There is a great tool that all of us have available to us and that we underutilize, and that is silence. How many times have you been quoting a client a fee and you feel a little bit of pushback? They are saying that they can’t afford it and you’re starting to feel like you need to back down on your fee, or you need to negotiate against yourself. This especially happens when you’ve quoted a fee and then a client sits there silently thinking about it. Often times we feel like we need to jump in and fill that space with words, we get nervous and we think oh my gosh we need to fill this silence. But I want you to focus on using silence as a negotiating tool and as a way to help you earn more money.
As lawyers, we’re trained to think on our feet. We’re trained to immediately respond. When someone’s talking we’re thinking about our response. But when we start to incorporate silence we actually allow ourselves to just listen quietly to what the other person is saying without a response, and we can pause to think. Additionally, sitting in silence is actually a great way to recalibrate a situation. I learned this through my husband and my business manager because he’s a quiet kind of guy.
Often times we’ll be having a conversation and he will just be silent and not respond for a moment. Or if he quotes a client a fee and a payment plan, he’ll say his piece and then he will sit there silently. Often times if I’m in the room I want to just jump in and start filling it with sound and start explaining the fee, and explaining why it’s that way and all of that, but my husband just sits there quietly and he doesn’t say anything. He allows the client the space to think it over.
Let me tell you that it actually ends up closing more deals by allowing yourself to sit there in silence. As I’ve observed my husband do this I have started to implement it into my own practice. Often times now I will quote a fee, I will go through everything, and I will go through my sales presentation of my consultation, and when I’m done I’ll ask if they have any questions. The clients ask questions. We’ll go back and forth. Then I allow myself to just be silent and sit there with them because sometimes they need to let it sink in. They need to think about it for a second, and they need to process it before they can come up with another question.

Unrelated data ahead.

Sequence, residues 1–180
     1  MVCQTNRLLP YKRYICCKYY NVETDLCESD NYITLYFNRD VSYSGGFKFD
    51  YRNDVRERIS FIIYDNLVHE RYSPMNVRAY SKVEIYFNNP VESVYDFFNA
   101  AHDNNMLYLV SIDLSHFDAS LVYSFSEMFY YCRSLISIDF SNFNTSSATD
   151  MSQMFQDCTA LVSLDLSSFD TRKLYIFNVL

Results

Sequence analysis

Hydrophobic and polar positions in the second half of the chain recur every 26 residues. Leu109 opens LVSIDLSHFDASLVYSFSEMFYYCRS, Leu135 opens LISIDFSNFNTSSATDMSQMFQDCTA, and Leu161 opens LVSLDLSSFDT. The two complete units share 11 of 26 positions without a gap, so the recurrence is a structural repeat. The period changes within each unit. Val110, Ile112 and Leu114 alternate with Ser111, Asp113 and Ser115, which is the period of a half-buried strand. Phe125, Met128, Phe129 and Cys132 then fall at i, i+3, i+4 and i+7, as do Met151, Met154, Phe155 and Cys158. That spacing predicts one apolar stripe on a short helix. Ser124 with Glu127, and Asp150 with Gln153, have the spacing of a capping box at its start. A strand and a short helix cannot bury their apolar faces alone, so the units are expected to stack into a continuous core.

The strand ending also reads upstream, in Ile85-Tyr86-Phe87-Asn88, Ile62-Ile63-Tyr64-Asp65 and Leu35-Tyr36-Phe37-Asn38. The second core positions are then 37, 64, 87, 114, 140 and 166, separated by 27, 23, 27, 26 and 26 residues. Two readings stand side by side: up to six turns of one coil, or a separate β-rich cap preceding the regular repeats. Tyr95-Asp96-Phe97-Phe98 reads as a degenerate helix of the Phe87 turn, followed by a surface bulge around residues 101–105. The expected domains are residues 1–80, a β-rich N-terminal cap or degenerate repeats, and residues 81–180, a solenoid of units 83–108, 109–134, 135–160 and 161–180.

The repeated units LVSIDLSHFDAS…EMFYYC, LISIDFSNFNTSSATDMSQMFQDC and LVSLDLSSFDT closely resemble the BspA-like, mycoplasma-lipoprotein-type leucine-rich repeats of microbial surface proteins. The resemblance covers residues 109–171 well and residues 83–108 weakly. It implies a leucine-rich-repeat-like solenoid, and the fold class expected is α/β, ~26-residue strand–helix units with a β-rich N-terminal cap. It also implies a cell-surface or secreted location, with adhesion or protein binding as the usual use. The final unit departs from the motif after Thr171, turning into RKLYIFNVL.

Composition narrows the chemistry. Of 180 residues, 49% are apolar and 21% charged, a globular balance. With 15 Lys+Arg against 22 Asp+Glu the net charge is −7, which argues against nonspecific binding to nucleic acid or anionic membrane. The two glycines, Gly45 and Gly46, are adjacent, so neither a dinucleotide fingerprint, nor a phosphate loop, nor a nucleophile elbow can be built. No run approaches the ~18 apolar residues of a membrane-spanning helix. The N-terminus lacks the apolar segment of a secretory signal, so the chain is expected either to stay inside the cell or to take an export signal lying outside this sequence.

This is an incredibly good technique for getting people to do what you want because often times people feel very uncomfortable with silence. I know that I did, and I think most lawyers do. We especially feel this way around money. But when you talk and you put a price out there and then you sit there silently because you’re not going to defend it, you don’t need to defend it, you don’t need to over explain it because you’ve already explained it, that silence allows the other person to think. Sometimes the silence makes the person uncomfortable and they feel like okay I just want to break the silence and do something or say something, and it actually is part of the sales technique.
I challenge you to use silence more in your life. I actually have started to incorporate the silent pause not just in my business, but also in my personal life. It gives me more of an opportunity to listen to others. Not only when it comes to my clients, but also with my kids, with my own husband, and with everyone who’s important in my life now, I try to not constantly fill the silence, which is hard for me. I have a lot to say, and I’m an attorney so I have a large vocabulary that I love to use, but the silence has actually encouraged much deeper connections within my own family.
One of our teenage kids is an introvert, and she actually likes a lot of silence. She’s quieter, so instead of asking her a ton of questions and trying to fill the quiet space, I’ll ask her a question and then just pause and let that silence hang there between us for a little bit as she gathers her thoughts, and then she speaks. It’s an introvert’s tool essentially. They don’t even necessarily know that it’s a tool, but it’s something that’s really powerful to empower relationships and to empower business negotiations.
I challenge you to use silence, to use that pause, and see how you can hear more, how you can learn more, and also how it can be effective in both your family and in your business.